CXC Policy Director Professor Dave Reay has been part of the COP26 Universities Network, a growing group of more than 30 UK-based universities working together to help deliver an ambitious outcome at the UN Climate Summit in Glasgow and beyond, which has published a briefing on A net-zero emissions economic recovery from COVID-19
The briefing is focused on the UK Government and policy.
- Leading economists find long-term, climate-friendly stimulus policies are often superior in overall economic impact – not just in slowing global warming.
- A survey of international experts reveals preferred policies with potential to stimulate economic growth while decreasing greenhouse gas emissions.
- In the UK, investment in renewable energy tops list of recommended policies.
An analysis of possible COVID-19 economic recovery packages shows the potential for strong alignment between the economy and the environment. The direction of these measures over the next six months will largely determine whether the worst impacts of global warming can be avoided, and research published today reveals that climate-friendly policies can deliver a better result for the economy – and the environment.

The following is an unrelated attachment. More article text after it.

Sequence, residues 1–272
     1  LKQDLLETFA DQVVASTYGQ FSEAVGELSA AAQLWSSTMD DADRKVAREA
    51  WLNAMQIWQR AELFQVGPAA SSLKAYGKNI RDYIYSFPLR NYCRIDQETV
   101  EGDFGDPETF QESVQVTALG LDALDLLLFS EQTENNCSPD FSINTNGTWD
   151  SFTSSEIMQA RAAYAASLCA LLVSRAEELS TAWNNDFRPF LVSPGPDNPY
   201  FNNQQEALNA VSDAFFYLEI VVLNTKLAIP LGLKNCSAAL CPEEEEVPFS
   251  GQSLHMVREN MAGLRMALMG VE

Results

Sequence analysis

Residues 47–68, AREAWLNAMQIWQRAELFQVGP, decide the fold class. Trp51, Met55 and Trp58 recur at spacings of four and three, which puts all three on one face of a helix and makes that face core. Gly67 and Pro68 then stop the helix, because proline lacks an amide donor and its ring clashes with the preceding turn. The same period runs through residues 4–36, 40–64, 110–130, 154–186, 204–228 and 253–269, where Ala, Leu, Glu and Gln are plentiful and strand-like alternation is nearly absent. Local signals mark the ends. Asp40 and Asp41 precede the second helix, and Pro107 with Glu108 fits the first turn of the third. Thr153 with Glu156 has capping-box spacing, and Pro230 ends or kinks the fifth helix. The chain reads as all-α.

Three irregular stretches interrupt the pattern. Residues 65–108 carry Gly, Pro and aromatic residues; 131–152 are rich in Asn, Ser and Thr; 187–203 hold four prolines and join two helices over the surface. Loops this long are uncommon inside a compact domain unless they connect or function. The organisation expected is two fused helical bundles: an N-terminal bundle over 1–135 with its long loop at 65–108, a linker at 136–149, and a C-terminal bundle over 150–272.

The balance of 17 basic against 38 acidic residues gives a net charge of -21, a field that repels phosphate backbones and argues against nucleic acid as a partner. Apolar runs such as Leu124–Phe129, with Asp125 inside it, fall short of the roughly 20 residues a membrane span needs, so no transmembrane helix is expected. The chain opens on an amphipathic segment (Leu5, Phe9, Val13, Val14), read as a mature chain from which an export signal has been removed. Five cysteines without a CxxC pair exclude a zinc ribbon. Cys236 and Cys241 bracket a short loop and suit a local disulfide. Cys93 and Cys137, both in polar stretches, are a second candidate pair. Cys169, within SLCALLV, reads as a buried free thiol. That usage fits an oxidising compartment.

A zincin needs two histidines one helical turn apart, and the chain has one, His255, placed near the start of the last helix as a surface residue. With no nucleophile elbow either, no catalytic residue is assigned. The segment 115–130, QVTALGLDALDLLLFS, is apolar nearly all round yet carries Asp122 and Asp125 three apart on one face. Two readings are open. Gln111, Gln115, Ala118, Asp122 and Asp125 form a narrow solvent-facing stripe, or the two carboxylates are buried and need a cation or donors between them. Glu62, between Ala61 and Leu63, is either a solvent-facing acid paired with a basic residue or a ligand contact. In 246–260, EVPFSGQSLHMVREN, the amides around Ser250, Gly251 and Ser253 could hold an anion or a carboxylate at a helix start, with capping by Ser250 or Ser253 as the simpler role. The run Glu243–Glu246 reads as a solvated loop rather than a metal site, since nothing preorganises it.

Drawing on a global survey of senior central bank and finance ministry officials, as well as learnings from the 2008 financial crisis, economists found that green projects create more jobs, deliver higher short-term returns per dollar spend and lead to increased long-term cost savings, by comparison with traditional fiscal stimulus.
‘The COVID-19-initiated emissions reduction could be short-lived,’ said Cameron Hepburn, lead author of today’s report and Director of the Smith School of Enterprise and Environment, University of Oxford. ‘But this report shows we can choose to build back better, keeping many of the recent improvements we’ve seen in cleaner air, returning nature and reduced greenhouse gas emissions.’
A team of internationally-recognised experts, including Nobel prize winner Joseph Stiglitz and well-known climate economist Nicholas Stern, came together to assess the economic and climate impact of taking a green route out of the crisis. They catalogued more than 700 stimulus policies into 25 broad groups, and conducted a global survey of 231 experts, including from finance ministries and central banks.
Noting that ‘green’ policies could be widely defined, the study focused on the reduction of greenhouse gas emission as the key environmentally-beneficial criteria. The paper observes that desirable policies have a large return on investment, can be enacted quickly and have a strongly positive impact on climate. Examples include investment in renewable energy production, such as wind or solar. As previous research has shown, in the short term, clean energy infrastructure construction is particularly labour intensive, creating twice as many jobs per dollar as fossil fuel investments, as well as being less susceptible to off-shoring.